Lacking any reported major crimes, Sherlock listens in to the police radio and rushes to a suspicious business jet crash, chartered by a law firm. He soon proves that one lawyer victim was in fact murdered earlier and elsewhere with a missing wrench, and tests various theories about motives and opportunities involving law - and air firms. Sherlock rightly dismisses Watson's insistence to attend a dinner with his visiting father as never going to happen and pulls a clever-cruel prank, then makes up by confiding something that slipped out from his private past. Written by
Did You Know?
Though never expressly conveyed, the viewer is given several overt acts and veiled suggestions that are enough to lead one to believe that Sherlock suffers from a fairly severe fear of flying. See more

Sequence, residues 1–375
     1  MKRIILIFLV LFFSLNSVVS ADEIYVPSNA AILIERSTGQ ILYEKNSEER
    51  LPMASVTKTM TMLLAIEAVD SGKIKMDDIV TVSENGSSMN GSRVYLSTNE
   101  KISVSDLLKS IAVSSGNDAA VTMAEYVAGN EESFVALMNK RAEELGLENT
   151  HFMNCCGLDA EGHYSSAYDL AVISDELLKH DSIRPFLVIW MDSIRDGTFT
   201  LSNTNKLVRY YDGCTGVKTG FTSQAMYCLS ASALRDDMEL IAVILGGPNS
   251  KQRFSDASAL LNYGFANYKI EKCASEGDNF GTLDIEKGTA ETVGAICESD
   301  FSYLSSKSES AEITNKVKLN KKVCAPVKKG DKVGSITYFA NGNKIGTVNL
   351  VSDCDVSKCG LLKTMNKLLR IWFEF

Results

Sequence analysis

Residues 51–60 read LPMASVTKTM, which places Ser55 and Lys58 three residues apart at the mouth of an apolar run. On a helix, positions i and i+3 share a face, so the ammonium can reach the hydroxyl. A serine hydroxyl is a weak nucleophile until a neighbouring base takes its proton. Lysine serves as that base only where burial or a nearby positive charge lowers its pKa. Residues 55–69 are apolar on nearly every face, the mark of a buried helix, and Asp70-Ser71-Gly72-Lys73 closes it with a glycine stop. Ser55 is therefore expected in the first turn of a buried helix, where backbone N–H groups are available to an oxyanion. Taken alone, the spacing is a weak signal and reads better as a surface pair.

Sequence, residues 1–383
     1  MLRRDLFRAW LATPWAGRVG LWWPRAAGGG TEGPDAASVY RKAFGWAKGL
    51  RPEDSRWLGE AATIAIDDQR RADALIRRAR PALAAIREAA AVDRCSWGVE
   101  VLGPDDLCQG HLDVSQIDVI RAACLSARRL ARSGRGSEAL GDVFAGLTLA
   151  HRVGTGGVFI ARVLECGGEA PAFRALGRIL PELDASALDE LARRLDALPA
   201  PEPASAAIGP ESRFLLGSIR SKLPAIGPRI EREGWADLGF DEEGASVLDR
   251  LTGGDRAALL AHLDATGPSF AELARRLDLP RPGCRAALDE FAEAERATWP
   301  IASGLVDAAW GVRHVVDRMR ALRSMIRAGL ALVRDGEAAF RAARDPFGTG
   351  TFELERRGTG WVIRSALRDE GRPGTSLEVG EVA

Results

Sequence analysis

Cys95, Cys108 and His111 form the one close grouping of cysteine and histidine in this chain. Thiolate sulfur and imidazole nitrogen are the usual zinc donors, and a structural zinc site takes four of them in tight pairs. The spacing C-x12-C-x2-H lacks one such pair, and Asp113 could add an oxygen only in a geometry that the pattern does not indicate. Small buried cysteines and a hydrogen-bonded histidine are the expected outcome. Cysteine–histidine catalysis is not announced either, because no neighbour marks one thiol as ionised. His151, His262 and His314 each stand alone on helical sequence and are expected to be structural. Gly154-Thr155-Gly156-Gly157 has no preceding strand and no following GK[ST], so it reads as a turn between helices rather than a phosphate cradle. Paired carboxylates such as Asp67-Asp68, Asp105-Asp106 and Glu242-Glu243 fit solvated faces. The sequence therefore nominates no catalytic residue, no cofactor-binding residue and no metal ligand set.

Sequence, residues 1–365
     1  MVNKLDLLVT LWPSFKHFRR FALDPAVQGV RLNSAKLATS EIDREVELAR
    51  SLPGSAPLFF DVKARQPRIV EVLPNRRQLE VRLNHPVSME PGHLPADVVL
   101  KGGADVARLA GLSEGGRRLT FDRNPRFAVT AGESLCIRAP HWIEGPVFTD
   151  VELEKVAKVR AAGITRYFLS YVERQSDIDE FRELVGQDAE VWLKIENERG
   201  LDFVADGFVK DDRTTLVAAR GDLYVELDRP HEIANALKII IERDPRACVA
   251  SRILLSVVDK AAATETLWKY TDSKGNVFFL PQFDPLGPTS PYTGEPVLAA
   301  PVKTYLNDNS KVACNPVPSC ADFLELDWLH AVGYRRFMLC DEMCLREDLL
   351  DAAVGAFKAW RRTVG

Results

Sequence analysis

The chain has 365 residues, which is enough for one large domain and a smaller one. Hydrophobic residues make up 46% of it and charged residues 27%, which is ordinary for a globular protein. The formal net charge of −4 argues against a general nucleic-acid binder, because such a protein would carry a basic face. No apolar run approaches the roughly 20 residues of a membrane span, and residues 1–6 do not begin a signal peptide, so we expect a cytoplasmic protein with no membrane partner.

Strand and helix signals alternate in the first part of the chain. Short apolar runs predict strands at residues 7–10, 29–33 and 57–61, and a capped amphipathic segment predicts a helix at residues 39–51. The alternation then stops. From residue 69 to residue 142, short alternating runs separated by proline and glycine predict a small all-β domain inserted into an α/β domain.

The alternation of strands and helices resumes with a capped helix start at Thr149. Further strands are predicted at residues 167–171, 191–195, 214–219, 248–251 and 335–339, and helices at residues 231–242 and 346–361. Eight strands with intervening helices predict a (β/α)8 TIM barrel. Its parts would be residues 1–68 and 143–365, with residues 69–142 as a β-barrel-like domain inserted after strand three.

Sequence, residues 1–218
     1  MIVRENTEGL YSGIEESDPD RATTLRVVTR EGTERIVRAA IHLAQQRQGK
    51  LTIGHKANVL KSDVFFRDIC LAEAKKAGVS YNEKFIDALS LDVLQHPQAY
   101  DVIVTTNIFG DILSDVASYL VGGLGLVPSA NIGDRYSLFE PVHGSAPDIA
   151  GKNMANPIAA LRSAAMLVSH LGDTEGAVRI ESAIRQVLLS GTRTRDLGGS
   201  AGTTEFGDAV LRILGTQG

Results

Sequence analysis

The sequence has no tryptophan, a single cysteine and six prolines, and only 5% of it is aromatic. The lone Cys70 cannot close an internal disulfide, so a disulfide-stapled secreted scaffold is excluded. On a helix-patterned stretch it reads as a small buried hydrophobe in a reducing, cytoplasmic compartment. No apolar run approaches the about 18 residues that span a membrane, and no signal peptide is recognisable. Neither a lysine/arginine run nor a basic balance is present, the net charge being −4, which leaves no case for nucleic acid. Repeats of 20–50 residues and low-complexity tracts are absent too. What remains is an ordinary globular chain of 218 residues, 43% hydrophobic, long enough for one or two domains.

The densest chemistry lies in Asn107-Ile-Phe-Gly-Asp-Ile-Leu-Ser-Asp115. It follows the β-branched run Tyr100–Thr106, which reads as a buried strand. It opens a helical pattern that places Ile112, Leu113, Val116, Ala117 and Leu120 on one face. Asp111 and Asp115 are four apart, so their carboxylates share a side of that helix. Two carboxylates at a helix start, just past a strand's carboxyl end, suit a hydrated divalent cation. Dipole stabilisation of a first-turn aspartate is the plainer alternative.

On the cockpit voice recording the pilot of the crashed plane reports that it had "three souls on board" even though four bodies were found in the wreckage. The crash investigator suggests that the pilot was not including himself in the count. However "souls" is a specific term used in the aviation and maritime industries to refer to the total number of people, both passengers and crew. An air crash investigator would have known this. See more
Dr. Joan Watson
Can I ask you a question?
Can I stop you?
Performed by Brad See more